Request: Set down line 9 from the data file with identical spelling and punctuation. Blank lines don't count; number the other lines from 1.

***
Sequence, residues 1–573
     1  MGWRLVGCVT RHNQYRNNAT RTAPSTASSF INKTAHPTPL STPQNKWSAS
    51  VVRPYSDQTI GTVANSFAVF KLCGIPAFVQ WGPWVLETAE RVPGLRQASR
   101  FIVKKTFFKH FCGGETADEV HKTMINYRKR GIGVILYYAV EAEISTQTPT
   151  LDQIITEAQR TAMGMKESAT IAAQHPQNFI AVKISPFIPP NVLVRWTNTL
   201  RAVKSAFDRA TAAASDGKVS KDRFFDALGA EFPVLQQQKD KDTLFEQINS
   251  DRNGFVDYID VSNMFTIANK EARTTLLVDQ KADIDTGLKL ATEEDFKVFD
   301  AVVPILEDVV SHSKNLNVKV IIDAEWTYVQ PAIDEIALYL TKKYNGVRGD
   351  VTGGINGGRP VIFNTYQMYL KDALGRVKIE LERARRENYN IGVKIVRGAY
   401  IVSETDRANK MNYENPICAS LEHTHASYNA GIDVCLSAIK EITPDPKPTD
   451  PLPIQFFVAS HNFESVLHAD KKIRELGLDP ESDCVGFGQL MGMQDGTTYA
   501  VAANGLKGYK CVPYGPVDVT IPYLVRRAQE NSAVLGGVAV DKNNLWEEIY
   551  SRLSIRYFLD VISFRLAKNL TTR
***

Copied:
   351  VTGGINGGRP VIFNTYQMYL KDALGRVKIE LERARRENYN IGVKIVRGAY